R. Sampanthan is a man I respect as a Tamil elder. He is working with the national unity government to solve the problems of the Tamils –lands occupied by the military, being administered in a language we do not understand, being arrested and tortured arbitrarily on mere suspicion using the Prevention of Terrorism Act, using that PTA to arrest Tamils on supposed suspicion and then exacting bribes to free us and in the alternative exacting confessions under torture and using that confession to lock us up for decades without trial, etc.
Recently we were promised good news within two weeks on the release of occupied Tamil lands. Then to ruin that possibility, policemen were cut with swords and the army deployed in search operations, making the release of lands unlikely any time soon. That the army was running former militants including LTTE-ers to do its dirty work has been well known. After people in Chunnakam were recently sword-slashed while the police watched, I certainly believe this as a strong indication that the recent attack on the police was orchestrated by a group within the forces to delay the release of lands. It is a group that was running restaurants and making a lot of money and needs its interests safeguarded as these restaurants and businesses are forced to close one after the other.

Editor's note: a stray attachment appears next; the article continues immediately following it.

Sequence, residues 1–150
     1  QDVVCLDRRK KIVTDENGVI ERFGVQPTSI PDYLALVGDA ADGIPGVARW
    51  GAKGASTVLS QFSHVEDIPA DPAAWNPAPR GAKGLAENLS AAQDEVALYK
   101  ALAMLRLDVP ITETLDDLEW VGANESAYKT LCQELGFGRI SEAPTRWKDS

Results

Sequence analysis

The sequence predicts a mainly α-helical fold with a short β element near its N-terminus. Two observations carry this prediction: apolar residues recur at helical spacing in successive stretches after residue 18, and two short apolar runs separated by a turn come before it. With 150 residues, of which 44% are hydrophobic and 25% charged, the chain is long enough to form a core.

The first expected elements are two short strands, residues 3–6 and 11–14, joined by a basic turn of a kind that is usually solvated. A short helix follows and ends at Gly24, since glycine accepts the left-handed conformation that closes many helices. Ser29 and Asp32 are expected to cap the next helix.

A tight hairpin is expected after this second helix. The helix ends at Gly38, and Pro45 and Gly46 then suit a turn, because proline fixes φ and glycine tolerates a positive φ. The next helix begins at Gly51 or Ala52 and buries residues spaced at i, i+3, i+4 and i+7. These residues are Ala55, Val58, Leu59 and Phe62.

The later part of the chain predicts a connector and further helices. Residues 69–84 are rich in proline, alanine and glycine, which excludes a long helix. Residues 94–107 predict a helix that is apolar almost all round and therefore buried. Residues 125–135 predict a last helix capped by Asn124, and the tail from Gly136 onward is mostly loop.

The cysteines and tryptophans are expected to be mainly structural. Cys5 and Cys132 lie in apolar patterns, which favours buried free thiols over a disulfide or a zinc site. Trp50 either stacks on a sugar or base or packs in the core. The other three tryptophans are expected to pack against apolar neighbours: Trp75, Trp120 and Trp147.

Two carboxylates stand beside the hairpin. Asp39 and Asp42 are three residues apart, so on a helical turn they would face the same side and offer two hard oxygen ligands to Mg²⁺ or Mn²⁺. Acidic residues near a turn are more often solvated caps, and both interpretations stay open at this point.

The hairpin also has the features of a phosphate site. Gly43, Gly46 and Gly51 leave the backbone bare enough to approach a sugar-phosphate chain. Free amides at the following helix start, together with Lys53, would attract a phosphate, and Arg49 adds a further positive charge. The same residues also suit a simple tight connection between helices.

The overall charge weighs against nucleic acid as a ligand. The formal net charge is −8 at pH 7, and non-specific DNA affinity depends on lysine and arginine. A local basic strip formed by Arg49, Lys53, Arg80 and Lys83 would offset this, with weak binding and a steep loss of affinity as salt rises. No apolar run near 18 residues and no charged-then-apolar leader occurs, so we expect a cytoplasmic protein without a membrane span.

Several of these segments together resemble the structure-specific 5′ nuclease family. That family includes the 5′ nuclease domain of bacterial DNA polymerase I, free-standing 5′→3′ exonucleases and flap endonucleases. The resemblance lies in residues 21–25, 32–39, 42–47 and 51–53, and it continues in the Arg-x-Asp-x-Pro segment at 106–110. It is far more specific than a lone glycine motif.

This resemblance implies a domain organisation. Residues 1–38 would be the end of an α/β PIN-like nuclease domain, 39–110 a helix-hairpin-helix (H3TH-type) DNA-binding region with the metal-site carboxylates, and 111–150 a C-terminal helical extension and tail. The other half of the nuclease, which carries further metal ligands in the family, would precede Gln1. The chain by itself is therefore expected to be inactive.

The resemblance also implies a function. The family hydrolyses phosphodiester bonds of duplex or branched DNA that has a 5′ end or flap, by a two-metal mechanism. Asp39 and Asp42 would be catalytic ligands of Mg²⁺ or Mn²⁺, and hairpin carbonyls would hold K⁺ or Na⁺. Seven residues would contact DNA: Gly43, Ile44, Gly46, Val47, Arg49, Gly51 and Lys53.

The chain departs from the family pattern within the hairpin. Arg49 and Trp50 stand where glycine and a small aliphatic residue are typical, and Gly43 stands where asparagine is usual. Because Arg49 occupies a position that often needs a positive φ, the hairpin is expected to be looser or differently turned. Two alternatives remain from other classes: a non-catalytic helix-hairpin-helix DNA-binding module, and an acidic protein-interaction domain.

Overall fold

Sampanthan deserves, it is widely believed among Tamils, Tamil support for all that he is doing. He has generally voted with the government on most matters to give it the majority it needs for the constitutional resolution of Tamil problems. However, is the government really committed to solving Tamil problems?
The ongoing Central Bank controversy seriously questions the government’s commitment to honesty, to uphold which we elected it. The ability of a minister seemingly to have the backing of the Prime Minister after accepting a multimillion apartment as a gift while saying it was accepted by his wife and daughter from a businessman. Incredibly, that Minister maintains that it did not occur to him to ask his wife and daughter from where they got that much money!
This government has, albeit slowly, been thankfully addressing Tamil problems. It is being thwarted at every turn as in the return of lands. When minority rights come up against votes for it, the government sadly goes for the votes. This is clear in the matter of whether we should have a secular state where all are equal – against Buddhism as a state religion sponsored by the state and Buddhists (who have the largest share of votes) are privileged.